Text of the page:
The latest Windows Server update violates a bunch of VPN settings

The latest Microsoft updates for Windows Server seem to have broken more things than they have fixed, and the only way to resolve the newly introduced issues is to completely uninstall the fixes.

Earlier this month, software giant Redmond released four updates for different versions of Windows Server: KB5014746, KB5014692, KB5014699 and KB5014678.

Administrators who installed these updates soon began reporting a “wide range” of issues, BleepingComputer found, including VPN issues (opens in a new tab) and RDP endpoint connectivity with routing and remote access (opens in a new tab) The service (RRAS) is activated. One of the problems was quite serious, the publication said, as it caused the servers to freeze for a few minutes after a client connected to the RRAS server with SSTP.

Fix the problem

“What I saw after installing the June updates was that no TCP connections established by either the client or the server will ever be triggered. I could not do a basic RDP session on the server (even when a VPN is not needed because I am connecting from a management computer within the same trusted subnet), “an administrator told BleepingComputer.

He also said remote VPN / RRAS clients (opens in a new tab) could not connect to the server and this SSTP, as well as RDP, failed “completely”. Finally, we used the GCP console interface to log in to these servers to keep the RRAS (Routing and Remote Access Service) setup from starting, so that after a reboot we can remotely (opens in a new tab) and return the patches, “the administrator concluded.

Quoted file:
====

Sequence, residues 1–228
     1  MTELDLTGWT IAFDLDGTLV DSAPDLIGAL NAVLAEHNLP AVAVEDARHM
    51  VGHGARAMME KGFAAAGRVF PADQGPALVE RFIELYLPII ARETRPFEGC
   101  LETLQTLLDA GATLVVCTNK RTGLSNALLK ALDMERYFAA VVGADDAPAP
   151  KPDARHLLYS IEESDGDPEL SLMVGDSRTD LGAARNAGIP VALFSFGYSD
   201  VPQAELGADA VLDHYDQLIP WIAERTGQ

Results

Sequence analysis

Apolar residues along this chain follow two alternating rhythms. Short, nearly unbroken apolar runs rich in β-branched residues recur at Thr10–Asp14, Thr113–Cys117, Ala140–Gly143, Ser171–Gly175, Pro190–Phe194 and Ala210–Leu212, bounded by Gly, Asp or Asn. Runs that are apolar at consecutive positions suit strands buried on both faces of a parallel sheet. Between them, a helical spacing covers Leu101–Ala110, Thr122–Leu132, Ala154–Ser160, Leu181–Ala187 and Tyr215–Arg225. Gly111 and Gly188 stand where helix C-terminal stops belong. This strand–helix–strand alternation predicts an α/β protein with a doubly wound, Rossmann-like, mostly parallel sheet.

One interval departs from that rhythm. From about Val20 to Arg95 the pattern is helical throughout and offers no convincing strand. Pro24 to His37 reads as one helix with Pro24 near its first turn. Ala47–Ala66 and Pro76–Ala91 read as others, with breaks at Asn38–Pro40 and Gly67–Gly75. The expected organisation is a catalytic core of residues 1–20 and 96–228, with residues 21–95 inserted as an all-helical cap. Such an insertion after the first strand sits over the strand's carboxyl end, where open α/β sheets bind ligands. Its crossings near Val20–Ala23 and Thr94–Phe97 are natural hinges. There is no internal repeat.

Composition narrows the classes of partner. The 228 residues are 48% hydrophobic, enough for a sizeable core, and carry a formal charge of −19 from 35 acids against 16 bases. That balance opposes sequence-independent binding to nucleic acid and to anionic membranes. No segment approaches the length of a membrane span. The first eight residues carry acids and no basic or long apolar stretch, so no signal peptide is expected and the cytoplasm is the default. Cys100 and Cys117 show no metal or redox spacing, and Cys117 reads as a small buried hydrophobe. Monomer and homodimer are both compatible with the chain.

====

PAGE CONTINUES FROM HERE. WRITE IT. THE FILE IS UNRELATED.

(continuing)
Many other administrators have confirmed that the only way to get rid of the problem is to roll back the update.

Microsoft has not yet acknowledged the problem, so it is difficult to determine what is causing the problem. BleepingComputer speculates that Microsoft recently fixed a Windows Network Address Translation (NAT) denial vulnerability, tracked as CVE-2022-30152, that could have disrupted RRAS connectivity.

Until Microsoft fixes the problem, the only thing administrators can do is uninstall the cumulative patches, which is unlikely to be a solution, given that other fixes that were packaged in these KBs will also be re-introduced.

through: BleepingComputer (opens in a new tab)

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